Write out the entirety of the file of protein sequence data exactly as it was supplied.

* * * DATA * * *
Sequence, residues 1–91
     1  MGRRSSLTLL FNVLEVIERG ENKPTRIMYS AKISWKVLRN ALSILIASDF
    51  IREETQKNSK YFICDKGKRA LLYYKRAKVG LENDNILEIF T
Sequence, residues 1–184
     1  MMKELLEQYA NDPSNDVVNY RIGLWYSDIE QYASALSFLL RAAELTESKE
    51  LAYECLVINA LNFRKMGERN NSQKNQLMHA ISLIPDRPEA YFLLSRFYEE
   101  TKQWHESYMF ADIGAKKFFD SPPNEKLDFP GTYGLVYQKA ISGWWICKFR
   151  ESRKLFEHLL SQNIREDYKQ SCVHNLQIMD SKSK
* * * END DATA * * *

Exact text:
Sequence, residues 1–91
     1  MGRRSSLTLL FNVLEVIERG ENKPTRIMYS AKISWKVLRN ALSILIASDF
    51  IREETQKNSK YFICDKGKRA LLYYKRAKVG LENDNILEIF T
Sequence, residues 1–184
     1  MMKELLEQYA NDPSNDVVNY RIGLWYSDIE QYASALSFLL RAAELTESKE
    51  LAYECLVINA LNFRKMGERN NSQKNQLMHA ISLIPDRPEA YFLLSRFYEE
   101  TKQWHESYMF ADIGAKKFFD SPPNEKLDFP GTYGLVYQKA ISGWWICKFR
   151  ESRKLFEHLL SQNIREDYKQ SCVHNLQIMD SKSK